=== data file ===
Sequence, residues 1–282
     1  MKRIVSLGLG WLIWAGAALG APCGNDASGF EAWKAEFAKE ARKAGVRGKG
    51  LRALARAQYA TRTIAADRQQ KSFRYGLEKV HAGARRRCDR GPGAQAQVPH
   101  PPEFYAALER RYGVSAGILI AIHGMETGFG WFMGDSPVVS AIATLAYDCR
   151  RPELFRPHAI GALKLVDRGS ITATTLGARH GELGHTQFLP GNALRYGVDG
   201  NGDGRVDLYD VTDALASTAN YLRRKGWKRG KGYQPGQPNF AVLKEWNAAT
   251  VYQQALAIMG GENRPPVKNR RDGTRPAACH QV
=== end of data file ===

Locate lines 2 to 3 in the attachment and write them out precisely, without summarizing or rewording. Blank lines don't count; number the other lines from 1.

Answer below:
     1  MKRIVSLGLG WLIWAGAALG APCGNDASGF EAWKAEFAKE ARKAGVRGKG
    51  LRALARAQYA TRTIAADRQQ KSFRYGLEKV HAGARRRCDR GPGAQAQVPH